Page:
Rescuing the Yen

Amid the ongoing crisis in Japan, the country’s currency just keeps getting stronger—in this case a bad thing since it could badly hurt Japanese exports. And that’s not something Tokyo, a major holder of U.S. debt, needs as it struggles to recover. So the G7 is taking action. Treasury Secretary Timothy Geithner and Federal Reserve Chairman Ben Bernanke were both on an emergency call yesterday to discuss the situation. And in a statement, the group announced that the US, UK, Canada and the European Central Bank would intervene in currency markets today while expressing confidence in the Japanese economy. “As we have long stated, excess volatility and disorderly movements in exchange rates have adverse implications for economic and financial stability,” the statement said.

Washington currently has around 17,000 members of the military helping with the relief effort in Japan in addition to a newly deployed, small team of hazardous-material experts. And yesterday, Defense Secretary Robert Gates authorized $35 million in aid. At home, Homeland Security Secretary Janet Napolitano assured the public that passengers and cargo arriving in the US from Japan are being thoroughly checked for radiation and so far, so good. President Obama has ordered a review of U.S. nuclear power plant safety.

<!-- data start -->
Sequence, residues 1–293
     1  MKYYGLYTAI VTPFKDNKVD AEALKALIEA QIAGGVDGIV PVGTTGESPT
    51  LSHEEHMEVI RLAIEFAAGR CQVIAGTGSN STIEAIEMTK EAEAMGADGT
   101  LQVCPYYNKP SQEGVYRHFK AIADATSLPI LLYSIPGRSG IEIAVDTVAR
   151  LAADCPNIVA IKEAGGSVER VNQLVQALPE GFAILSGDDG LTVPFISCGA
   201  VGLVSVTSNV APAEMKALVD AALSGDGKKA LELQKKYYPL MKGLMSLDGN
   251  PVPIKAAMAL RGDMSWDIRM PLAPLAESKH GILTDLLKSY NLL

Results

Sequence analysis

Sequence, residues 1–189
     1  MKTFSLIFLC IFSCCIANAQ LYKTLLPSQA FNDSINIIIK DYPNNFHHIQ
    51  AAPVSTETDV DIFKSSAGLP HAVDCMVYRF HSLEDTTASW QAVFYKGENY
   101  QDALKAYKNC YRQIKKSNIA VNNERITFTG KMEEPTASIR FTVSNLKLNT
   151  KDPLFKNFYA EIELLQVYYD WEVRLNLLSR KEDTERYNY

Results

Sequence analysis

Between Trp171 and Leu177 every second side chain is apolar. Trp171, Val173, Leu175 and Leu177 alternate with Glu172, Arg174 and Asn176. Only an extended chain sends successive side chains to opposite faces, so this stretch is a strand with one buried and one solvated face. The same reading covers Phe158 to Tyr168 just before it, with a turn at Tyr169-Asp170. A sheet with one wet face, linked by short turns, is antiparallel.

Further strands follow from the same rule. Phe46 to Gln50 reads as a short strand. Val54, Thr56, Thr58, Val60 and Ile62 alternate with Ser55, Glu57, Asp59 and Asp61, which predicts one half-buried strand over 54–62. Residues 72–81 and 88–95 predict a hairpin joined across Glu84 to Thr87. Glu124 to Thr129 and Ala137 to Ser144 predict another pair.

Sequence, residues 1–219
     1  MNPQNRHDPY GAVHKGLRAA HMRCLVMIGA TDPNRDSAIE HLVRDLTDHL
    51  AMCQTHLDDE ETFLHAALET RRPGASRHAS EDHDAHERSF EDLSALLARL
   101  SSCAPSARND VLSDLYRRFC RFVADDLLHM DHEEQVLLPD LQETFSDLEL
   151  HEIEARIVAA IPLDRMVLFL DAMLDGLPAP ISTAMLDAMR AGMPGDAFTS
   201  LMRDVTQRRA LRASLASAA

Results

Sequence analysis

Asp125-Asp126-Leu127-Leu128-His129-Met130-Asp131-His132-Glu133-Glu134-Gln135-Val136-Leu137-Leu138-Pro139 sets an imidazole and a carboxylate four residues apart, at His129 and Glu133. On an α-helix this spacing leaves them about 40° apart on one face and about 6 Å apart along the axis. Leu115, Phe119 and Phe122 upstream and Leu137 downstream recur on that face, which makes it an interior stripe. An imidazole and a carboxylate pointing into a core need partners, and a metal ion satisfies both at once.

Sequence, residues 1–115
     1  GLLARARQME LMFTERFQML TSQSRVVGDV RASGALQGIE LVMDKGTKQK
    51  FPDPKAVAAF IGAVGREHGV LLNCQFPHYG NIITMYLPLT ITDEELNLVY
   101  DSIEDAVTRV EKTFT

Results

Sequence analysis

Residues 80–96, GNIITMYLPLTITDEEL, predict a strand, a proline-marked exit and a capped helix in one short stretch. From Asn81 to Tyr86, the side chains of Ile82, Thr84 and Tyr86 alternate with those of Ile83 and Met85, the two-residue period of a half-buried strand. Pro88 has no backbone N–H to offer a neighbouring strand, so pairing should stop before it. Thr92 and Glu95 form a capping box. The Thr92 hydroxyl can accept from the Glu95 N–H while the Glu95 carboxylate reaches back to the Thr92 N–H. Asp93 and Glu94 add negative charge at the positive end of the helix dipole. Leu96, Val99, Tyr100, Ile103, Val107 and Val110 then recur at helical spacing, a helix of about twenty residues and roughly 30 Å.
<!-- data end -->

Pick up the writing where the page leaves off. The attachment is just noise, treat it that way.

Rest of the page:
Meanwhile, Obama is preparing to leave for a previously scheduled trip to little-visited Latin America—Brazil, Chile and El Salvador—aimed at economic and regional-security issues. And all of this is playing out as the international community gets ready to launch military action against Libya following a UN Security Council vote giving the OK to a no-fly zone and any measures necessary to protect civilians. Colonel Qaddafi has declared an immediate ceasefire.

The president is also facing some tough Afghanistan decisions in the coming months. In addition to troop withdrawals, there is the question of what to do with General David Petraeus, currently in charge of forces there. Namely, whether to make him the next chairman of the Joint Chiefs of Staff. The current chairman, Admiral Mike Mullen, will leave the post at the end of September and Petraeus is apparently in the running to replace him—along with the current vice chairman, General James Cartwright, SACEUR James Stavridis and the head of the Joint Forces Command, General Ray Odierno.

Secretary of State Hillary Clinton’s comments on Wednesday that she isn’t interested in any other government job, or even in staying on for a second semester as secretary of state, made waves, but according to some reports, people shouldn’t be surprised. Everyone in the administration is getting a bit tired of the ongoing crises it would seem.